New York Systems

I'm David. I live in Astoria. During the day I work at a startup. Other times I visit bookstores.
This blog is my curio collection, sort of. I'll have a place of my own for essays... someday.

Posts tagged #america

For the first time in 69 years, there are no American tanks in Europe. On March 18th the United States shipped home 22 M-1 tanks, bringing to an end seven decades of American armor in Europe.
Scalia and his colleagues, though, seem to be more worried about another possible wrong. The role of the Court, Scalia seems to be saying, is to step in when members of Congress are scared of being called racist. Scalia does not seem to be afraid of that.
One of the cons of the Obama era is that it’s given the culture permission to misrepresent idealism in the form of so-called color-blindness.
When Bill Moyers, Keith Olbermann, Mayor Bloomberg, and Rupert Murdoch are all in favor of something—in this case, tougher gun laws—and there’s still no chance of it being enacted, you can rest assured that forces other than reason and partisan politics are involved.
John Cassidy gives ten reasons America might be crazy: http://nyr.kr/Pfaoyn (via newyorker)

Did you know the Japanese bombed the continental United States during World War II?

Close to Home | Futility Closet

In 1896 the U.S. Treasury introduced some beautifully high-minded currency — instead of American presidents, the “educational series” of silver certificates bear neoclassical allegories.

On the $1 note, the Goddess of History instructs a youth, pointing to the U.S. Constitution, a panorama of Washington D.C., and a roster of famous Americans, including Franklin, Longfellow, Hawthorne, and Emerson.

On the $2 note, Science presents Steam and Electricity (as children) to Commerce and Manufacture. The reverse bears portraits of Robert Fulton and Samuel Morse.

The almost impossibly glorious $5 note depicts Electricity Presenting Light to the World. She is flanked by Strength, Fame, and Peace. The New York Times wrote, “The arrangement of this composition, the grace of pose in each figure, and the idea connected with the designs of this artist entitle it to a place beside the finest allegorical designs in the world.”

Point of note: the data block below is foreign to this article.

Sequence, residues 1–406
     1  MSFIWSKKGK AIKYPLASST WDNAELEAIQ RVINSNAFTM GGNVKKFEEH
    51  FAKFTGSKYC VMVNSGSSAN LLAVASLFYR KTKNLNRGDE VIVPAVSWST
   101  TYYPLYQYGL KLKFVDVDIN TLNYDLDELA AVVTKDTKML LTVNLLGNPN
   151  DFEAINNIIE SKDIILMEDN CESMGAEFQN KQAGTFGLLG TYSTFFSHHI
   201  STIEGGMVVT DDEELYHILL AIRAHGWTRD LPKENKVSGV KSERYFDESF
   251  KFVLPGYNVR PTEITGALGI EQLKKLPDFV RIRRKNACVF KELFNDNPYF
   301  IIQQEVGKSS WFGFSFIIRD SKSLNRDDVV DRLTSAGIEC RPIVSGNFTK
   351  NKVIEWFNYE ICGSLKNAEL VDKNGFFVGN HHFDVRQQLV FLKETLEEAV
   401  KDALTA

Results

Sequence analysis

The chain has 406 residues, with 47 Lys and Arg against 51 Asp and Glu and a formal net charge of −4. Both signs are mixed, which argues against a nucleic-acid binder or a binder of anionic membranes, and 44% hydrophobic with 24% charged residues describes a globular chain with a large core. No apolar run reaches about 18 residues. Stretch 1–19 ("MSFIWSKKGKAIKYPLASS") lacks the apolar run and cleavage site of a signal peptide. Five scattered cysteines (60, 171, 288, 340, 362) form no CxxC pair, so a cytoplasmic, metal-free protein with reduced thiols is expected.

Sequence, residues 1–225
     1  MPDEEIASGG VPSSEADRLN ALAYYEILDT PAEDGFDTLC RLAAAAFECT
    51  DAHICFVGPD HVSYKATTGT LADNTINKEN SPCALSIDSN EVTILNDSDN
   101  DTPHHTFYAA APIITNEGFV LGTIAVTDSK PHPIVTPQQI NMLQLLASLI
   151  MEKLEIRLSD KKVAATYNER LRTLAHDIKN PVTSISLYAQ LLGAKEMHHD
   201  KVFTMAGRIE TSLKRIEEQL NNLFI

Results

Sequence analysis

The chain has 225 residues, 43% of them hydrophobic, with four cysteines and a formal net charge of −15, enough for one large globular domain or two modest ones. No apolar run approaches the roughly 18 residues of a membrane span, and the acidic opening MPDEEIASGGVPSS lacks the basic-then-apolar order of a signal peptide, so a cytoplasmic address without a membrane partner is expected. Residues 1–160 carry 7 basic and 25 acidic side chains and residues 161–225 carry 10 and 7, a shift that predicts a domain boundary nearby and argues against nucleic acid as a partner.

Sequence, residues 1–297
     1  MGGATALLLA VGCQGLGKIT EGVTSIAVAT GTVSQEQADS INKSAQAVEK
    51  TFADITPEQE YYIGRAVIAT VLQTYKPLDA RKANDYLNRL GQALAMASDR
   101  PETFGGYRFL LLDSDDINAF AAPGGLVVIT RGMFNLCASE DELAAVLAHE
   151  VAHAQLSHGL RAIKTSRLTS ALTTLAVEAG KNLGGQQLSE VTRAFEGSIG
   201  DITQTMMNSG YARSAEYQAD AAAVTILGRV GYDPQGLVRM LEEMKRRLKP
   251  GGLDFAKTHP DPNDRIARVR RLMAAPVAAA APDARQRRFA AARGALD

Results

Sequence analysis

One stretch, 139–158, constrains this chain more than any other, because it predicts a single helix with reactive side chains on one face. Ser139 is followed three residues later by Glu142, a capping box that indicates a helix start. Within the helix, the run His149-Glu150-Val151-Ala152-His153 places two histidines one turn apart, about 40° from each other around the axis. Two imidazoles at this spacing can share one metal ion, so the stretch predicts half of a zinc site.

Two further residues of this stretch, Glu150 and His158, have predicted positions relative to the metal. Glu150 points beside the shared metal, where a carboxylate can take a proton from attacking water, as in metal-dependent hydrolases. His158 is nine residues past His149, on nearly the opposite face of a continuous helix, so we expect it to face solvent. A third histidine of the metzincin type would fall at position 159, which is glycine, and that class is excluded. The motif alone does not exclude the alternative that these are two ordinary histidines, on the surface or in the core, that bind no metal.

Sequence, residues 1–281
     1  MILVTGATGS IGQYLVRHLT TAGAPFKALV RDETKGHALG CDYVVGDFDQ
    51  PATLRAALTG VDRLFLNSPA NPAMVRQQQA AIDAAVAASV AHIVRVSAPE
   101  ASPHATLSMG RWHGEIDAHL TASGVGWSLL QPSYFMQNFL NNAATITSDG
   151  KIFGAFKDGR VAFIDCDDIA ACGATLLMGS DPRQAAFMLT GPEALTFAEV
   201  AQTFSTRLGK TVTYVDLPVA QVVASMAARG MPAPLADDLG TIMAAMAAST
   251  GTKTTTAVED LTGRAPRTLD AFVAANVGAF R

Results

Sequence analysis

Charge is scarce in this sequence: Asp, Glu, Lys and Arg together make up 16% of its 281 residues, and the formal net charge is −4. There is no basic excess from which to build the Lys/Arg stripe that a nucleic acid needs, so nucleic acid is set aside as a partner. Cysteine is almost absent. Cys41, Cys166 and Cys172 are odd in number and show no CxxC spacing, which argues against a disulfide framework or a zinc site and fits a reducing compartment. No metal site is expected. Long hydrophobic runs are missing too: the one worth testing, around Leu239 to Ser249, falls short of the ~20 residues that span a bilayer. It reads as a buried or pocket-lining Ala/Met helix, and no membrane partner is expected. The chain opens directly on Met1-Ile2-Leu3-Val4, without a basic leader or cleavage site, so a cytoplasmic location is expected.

Unfortunately, the Treasury got a new secretary the following year, one who favored simple, clear designs, and he canceled more than $54 million in certificates as they came into the Treasury. “It can be said authoritatively … that no more of the so-called ‘new certificates’ will be printed,” the Times reported sadly in May 1897. “Neither will fresco painters be called in to make designs for the substitutes.”

What could have been.

Cornell University’s Suzanne Mettler points out that many beneficiaries of government programs seem confused about their own place in the system. She tells us that 44 percent of Social Security recipients, 43 percent of those receiving unemployment benefits, and 40 percent of those on Medicare say that they “have not used a government program.”

http://www.patheos.com/blogs/slacktivist/2011/12/06/one-day-two-good-speeches/

This was a very good speech.

President Barack Obama, Osawatomie, Kan., Dec. 6, 2011

This is the defining issue of our time. This is a make-or-break moment for the middle class, and for all those who are fighting to get into the middle class. Because what’s at stake is whether this will be a country where working people can earn enough to raise a family, build a modest savings, own a home, secure their retirement. Now, in the midst of this debate, there are some who seem to be suffering from a kind of collective amnesia. After all that’s happened, after the worst economic crisis, the worst financial crisis since the Great Depression, they want to return to the same practices that got us into this mess. In fact, they want to go back to the same policies that stacked the deck against middle-class Americans for way too many years. And their philosophy is simple: We are better off when everybody is left to fend for themselves and play by their own rules.